The late ’20s saw the height of an incredibly large technological and industrial advancement.  By the year 1928, over 16 million Ford automobiles were sold, leading to the blossoming of such tangential by-products as the motel, the gas station, the freeway, and the entire oil industry.  The very first mass marketing medium (the radio) was taking control of the country with such fervor that regulation was created in the form of the Federal Radio Commission in 1927.  The country was becoming connected by a growing infrastructure of highway networks and telephone lines.  An American mass exodus took place from the quiet life of rural towns into the fast paced, technologically advanced urban areas.

This year also marked the beginning of another cultural phenomenon that would dramatically change the world forever.  In 1928, John L. Baird beamed the first color television transmission.  It was beamed from England to the United States, making it the first trans-atlantic transmission of a moving image.  (The year before, he beamed the first long-distance television pictures a distance of 438 miles.)


     The year 1888 is the dead center of the ten years of cases that eventually relegated Black Americans to the status of second-class citizens.  It began in 1883 with what is now known as “The Civil Rights Cases.”  The decision of the Supreme Court basically stated that the 14th Amendment did not technically say Congress had to intervene in civil rights violations or private acts of discrimination.  This led to the “separate but equal” ruling of the 1896 Plessy v. Ferguson case, as well as decades and decades of Black segregation until the civil rights legislation of the 1960s.  These years were monumental because these Supreme Court decisions essentially gave the entire private sector the approval to discriminate based on race (hence, the beginnings of the “Whites Only” and “Colored Only” signs in several establishments.)


     This year was so tumultuous that it is now known as the Year of the Revolution.  Imagine a national uprising of working and unemployed citizens that took hold so fiercely that it spread like a contagion across all of Europe.  Mass national revolutions took place in several European countries…so many, in fact, that England, Russia, the Netherlands, and Serbia were the only countries without a revolution.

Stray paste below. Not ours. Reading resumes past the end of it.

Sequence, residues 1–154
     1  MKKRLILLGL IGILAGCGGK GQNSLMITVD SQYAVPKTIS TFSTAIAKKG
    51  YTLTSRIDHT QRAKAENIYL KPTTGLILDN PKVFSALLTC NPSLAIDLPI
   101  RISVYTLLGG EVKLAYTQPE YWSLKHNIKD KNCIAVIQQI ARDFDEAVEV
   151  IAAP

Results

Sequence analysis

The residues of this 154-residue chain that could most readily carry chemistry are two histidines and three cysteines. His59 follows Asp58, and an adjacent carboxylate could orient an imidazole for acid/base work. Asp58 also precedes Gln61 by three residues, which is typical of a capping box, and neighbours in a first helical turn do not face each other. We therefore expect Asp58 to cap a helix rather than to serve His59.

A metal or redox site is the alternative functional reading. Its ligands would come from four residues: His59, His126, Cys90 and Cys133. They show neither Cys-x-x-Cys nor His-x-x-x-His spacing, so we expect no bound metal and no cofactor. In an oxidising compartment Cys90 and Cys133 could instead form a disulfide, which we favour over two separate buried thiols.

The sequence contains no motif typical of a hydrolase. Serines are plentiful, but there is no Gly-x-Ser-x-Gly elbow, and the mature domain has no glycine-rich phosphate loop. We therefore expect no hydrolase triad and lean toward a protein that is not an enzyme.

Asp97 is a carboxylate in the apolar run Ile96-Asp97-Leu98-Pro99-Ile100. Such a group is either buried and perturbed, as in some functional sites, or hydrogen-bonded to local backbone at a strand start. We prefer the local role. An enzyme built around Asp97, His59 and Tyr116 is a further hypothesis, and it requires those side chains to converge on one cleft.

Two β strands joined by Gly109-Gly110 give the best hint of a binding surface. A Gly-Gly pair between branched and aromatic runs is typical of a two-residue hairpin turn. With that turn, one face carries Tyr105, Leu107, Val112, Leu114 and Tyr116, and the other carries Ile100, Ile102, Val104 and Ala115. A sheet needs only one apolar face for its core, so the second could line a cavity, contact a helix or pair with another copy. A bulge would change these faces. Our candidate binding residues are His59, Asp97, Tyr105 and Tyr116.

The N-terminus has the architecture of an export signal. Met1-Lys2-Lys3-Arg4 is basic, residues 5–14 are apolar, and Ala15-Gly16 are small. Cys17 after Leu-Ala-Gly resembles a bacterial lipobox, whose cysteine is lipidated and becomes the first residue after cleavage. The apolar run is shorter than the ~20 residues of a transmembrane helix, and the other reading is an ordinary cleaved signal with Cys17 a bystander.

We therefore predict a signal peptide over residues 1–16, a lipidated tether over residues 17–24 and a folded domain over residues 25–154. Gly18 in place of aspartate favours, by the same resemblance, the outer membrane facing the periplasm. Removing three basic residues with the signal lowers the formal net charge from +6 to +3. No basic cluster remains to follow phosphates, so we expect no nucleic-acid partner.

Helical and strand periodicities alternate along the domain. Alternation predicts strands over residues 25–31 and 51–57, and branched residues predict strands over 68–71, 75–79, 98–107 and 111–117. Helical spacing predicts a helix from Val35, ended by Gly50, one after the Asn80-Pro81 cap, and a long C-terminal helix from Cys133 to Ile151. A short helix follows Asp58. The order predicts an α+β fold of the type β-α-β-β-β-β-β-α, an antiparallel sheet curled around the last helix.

This year also marked the publication of the Communist Manifesto by Karl Marx and Friedrich Engels, laying the groundwork for the working class revolution of the entire class system and the abolition of capitalism.

For a PDF copy of the Communist Manifesto, click here:

For one website’s summary and analysis of the Communist Manifesto, click here:


     On January 1 of 1808, the United States finally banned the importation of slaves into the country.  (Of course, this was the result of a compromise years earlier in which it was agreed that Congressional representation by southern states would be greatly increased by regarding each slave as the equivalent of 3/5 of a free person.)  The 200th anniversary of the abolition of the slave trade should have a bit more importance in this country.  Why this was not memorialized or even mentioned this year back in January is beyond me.  Click here to see one blogger’s very eloquent (but pretty long) discussion of the slave trade and its repercussions.


     Looking back through these events, when I think about the significance of the number forty in this way, I can’t help but think there may be something beyond our understanding.  We have the biblical stories of 40 years of wandering in the desert, 40 days and nights of flooding before the water subsided, and 40 days of Christ’s temptation by Satan in the wilderness. 

     Perhaps Douglas Adams was not too far off with the number 42 being the ultimate “Answer to Life, the Universe and Everything.”  Now if we could only determine the question.


One comment on “Every Forty Years

  1. James
    November 9, 2008

    I’m glad to see another person mentioning the 200th anniversary of the abolition of the slave trade. I agree that it should have received much more attention this year.

    There have been a number of conferences and memorial events, including a symposium at the National Archives in Washington in January and a very public commemoration in Providence, R.I. in September. (R.I. was the nation’s leading slave-trading state.) And Congress did pass a law establishing a commission to arrange commemorations for the anniversary, but it was never funded.

Leave a Reply

Fill in your details below or click an icon to log in: Logo

You are commenting using your account. Log Out /  Change )

Google+ photo

You are commenting using your Google+ account. Log Out /  Change )

Twitter picture

You are commenting using your Twitter account. Log Out /  Change )

Facebook photo

You are commenting using your Facebook account. Log Out /  Change )


Connecting to %s

This site uses Akismet to reduce spam. Learn how your comment data is processed.


This entry was posted on November 9, 2008 by in Black America, Musings, Revolution and tagged , , , , .

Enter your email address to follow this blog and receive notifications of new posts by email.

Join 447 other followers

Soulquarian Quote of the Day

"There is no hip hop manual for growing old...The 22-year-old college grad who used to love the Roots in 1994 never left. He’s just 40 now and has a wife and kids and doesn’t feel like spending all night at a club."

%d bloggers like this: